Brought to North America from Europe in the early 1700’s to raise the nap of wool cloth, this fuller’s teasel naturalized and is now considered a weed in many parts of the United States where it grows in sunny disturbed sites such as roadsides, riverbanks, and forest openings, and in savannas, grasslands and meadows It is a biennial and a member of the honey suckle family, Caprifoliaceae, that also includes weigela, scabiosa, and abelia. In the first year the plant grows a tap root and forms a rosette of large coarse lanceolate leaves up to 12″ long. In the second year several spiny stems up to 6’ tall arise bearing sessile spiny leaves and clusters of spiny flowerheads from summer into fall. Each egg-shaped flowerhead is up to 4″ long and consists of numerous small pink, purple or lavender flowers, subtended by long pointed bracts. The flowerheads produce an abundance of 1 seeded fruits, called achenes, that have a high germination rate so plants readily reproduce themselves. Butterflies and bees love the flowers, birds especially goldfinches love the seed, and the dried seed heads look fabulous in dried arrangements. Suitable for a wildflower garden if seed dispersal is controlled. The genus name, Dipsacus, comes from the Greek word dipsa meaning thirst of water and refers to the cup-like formation made where sessile leaves merge at the stem. The specific epithet, fullonum, comes from the Latin word fullo meaning fuller and refers to the use of the seed heads in the manufacture of wool by fullers.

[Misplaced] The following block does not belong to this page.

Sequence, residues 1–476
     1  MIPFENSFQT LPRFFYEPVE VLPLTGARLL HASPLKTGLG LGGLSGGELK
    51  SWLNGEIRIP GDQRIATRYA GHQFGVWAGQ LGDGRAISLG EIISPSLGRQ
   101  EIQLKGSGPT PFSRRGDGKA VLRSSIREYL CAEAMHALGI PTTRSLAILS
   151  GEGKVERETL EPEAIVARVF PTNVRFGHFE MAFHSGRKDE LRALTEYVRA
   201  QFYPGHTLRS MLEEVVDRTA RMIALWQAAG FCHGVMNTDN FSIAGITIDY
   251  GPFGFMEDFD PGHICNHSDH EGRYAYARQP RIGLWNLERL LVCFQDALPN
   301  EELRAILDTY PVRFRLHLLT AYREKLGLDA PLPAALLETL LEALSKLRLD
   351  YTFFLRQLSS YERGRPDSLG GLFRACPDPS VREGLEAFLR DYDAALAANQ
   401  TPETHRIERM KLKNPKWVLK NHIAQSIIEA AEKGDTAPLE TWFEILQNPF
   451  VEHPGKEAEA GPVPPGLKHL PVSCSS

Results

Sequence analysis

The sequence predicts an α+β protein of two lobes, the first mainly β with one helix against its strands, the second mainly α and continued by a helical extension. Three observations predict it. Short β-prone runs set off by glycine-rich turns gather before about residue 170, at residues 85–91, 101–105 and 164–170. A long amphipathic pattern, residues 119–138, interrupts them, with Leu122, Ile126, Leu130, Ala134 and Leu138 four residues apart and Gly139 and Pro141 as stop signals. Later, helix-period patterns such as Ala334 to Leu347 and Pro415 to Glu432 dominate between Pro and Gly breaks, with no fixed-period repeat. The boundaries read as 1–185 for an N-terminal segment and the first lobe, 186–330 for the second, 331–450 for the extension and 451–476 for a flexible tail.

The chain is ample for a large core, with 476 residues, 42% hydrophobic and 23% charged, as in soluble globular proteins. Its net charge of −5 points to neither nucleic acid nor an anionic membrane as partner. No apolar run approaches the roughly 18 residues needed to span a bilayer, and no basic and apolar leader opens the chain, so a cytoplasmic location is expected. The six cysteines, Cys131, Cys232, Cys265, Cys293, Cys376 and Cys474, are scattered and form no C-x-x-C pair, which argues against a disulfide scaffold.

Bloom: Egg-shaped flowerhead up to 4″ long and consisting of numerous small pink, purple or lavender flowers, subtended by long pointed bracts; from summer into fall.
Size: 4-6′ H x 1-2.5′ H
Light: Full sun to part shade
Soil: Moderately fertile, medium moist, well-drained
Hardiness: Zones 3-8
Care: Low maintenance; restrict seed dispersal to avoid invasive tendencies of plant.
Pests and Diseases: None of significance
Companion Plants: New England aster, blanket flower, coneflower
Photo Credit: Wikipedia